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Welcome to the Encyclopedia of Science Fiction, Fourth Edition. Some sample entries appear below. Click here for the Introduction; here for the masthead; here for Acknowledgments; here for the FAQ; here for advice on citations. Find entries via the search box above (more details here) or browse the menu categories in the grey bar at the top of this page.

Site updated on 3 October 2022
Sponsor of the day: Joe Haldeman

Lavers, Norman

(1935-    ) US ornithologist, academic and author whose sf novel, The Northwest Passage (1984), engages in an experiment (see Postmodernism) familiar to readers of the modern novel: the book comprises a "text", complete with a scholarly apparatus which is itself, of course, part of the "text". In this case, a far-future editorial apparatus surrounds (see Ruins and Futurity) the late-twentieth-century scholarly edition of an eighteenth-century manuscript journal recording the ...

Davidson, Michael

Pseudonym of Michael Zeik (?   -    ), US author of two sf novels: The Karma Machine (1975), a dystopian vision of a Computer-dominated world; and Daughter of Is: A Science Fiction Epic: An "Else-when" Parable (1978), an Alternate-History tale. Davidson should not be confused with the poet Michael Davidson (1944-    ). [JC]

Sleeper

Film (1973). Rollins-Joffe Productions/United Artists. Directed by Woody Allen. Written by Allen, Marshall Brickman. Cast includes Allen, John Beck, Mary Gregory, Diane Keaton and Don Keefer. 88 minutes. Colour. / The plot device of having a man from the present suddenly finding himself in the future (this time through Cryonics) is nearly always used to comment on contemporary society rather than to speculate about the future (see Sleeper Awakes). This, one of Allen's best slapstick ...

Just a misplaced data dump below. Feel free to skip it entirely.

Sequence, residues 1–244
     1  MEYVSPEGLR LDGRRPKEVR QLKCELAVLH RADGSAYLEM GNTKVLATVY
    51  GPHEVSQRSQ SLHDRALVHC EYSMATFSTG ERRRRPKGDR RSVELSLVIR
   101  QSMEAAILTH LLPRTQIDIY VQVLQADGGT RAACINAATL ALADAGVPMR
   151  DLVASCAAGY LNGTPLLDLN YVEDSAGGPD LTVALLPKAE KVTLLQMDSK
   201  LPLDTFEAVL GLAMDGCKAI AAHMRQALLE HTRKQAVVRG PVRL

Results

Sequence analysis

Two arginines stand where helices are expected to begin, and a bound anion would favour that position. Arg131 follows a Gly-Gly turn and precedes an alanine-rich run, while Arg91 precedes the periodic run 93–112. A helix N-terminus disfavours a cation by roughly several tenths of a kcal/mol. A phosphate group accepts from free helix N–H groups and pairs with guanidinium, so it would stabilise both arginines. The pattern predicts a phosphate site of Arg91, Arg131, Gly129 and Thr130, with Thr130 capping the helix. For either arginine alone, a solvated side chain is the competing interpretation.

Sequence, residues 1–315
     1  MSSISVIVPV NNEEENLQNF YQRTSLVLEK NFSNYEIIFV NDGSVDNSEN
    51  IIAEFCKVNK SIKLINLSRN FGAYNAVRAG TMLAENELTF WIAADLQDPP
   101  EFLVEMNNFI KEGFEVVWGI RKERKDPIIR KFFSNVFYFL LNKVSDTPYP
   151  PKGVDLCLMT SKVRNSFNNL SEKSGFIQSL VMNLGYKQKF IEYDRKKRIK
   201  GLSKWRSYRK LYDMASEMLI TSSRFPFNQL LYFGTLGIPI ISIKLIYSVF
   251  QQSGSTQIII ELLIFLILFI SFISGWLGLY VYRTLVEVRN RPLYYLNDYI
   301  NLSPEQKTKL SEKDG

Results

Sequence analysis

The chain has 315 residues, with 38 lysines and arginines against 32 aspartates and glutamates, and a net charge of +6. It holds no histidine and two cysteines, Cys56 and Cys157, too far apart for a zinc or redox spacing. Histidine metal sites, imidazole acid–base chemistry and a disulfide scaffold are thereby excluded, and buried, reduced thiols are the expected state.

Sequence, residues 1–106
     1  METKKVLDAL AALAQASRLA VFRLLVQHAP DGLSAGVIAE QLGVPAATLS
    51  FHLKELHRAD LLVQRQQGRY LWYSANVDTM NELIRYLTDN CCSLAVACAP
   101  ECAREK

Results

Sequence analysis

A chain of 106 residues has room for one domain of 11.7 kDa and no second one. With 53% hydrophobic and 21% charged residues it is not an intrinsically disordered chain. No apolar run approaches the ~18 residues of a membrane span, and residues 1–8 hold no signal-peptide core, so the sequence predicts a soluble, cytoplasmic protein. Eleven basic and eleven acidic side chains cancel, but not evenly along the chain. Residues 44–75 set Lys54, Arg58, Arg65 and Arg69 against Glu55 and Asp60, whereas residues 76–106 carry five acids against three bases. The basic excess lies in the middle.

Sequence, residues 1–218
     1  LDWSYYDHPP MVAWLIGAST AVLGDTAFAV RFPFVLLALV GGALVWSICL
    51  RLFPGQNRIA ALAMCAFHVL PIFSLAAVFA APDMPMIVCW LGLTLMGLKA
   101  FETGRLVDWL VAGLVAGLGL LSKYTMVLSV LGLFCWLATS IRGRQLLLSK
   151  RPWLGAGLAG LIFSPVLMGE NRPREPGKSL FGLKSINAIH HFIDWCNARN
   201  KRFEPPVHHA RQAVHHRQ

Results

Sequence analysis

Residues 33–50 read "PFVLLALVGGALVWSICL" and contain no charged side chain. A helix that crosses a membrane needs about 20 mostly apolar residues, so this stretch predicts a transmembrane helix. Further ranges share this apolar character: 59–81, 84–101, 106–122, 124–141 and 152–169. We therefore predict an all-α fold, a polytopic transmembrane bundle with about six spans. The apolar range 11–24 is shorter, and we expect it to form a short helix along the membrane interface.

Siegel, Martin

(1938-1972) US author who died young of leukaemia. His sf novels are Agent of Entropy (1969) and The Unreal People (1973). The first combines Satire and Space Opera in a heated tale; the second is a post-holocaust Pocket-Universe tale in which Earth's surface is uninhabitable and people live frenetically and desperately Underground. [JC]

Decadence

Although the concept of "decadence", meaning the state of decay to which an institution has fallen after a long period of prosperity, can be dated to the early 1500s, the more modern sense, of an entire culture succumbing to an enervating lack of vitality (or an indulgence in sloth or sensual pleasures), began to emerge only in the nineteenth century. The belief that cultures eventually fall into a debilitating (and usually irreversible) sickness owes much to The History of the Decline and Fall ...

Nicholls, Peter

(1939-2018) Australian editor and author, primarily a critic and historian of sf through his creation and editing of The Encyclopedia of Science Fiction [see below]; resident in the UK 1970-1988, in Australia from 1988; worked as an academic in English literature (1962-1968, 1971-1977), scripted television documentaries, was a Harkness Fellow in Film-making (1968-1970) in the USA, worked as a publisher's editor (1982-1983), often broadcast film and book reviews on BBC Radio from 1974 and ...



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